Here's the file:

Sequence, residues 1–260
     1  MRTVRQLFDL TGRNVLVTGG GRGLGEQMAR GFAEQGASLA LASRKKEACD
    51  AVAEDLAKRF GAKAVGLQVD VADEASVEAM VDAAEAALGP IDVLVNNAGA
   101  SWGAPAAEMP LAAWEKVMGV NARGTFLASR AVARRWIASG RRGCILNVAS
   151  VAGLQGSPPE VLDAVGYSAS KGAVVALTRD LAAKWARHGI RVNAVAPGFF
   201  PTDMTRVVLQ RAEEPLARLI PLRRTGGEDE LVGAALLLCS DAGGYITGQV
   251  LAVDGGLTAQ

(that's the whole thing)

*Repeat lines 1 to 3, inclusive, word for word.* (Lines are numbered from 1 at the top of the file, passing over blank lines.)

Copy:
Sequence, residues 1–260
     1  MRTVRQLFDL TGRNVLVTGG GRGLGEQMAR GFAEQGASLA LASRKKEACD
    51  AVAEDLAKRF GAKAVGLQVD VADEASVEAM VDAAEAALGP IDVLVNNAGA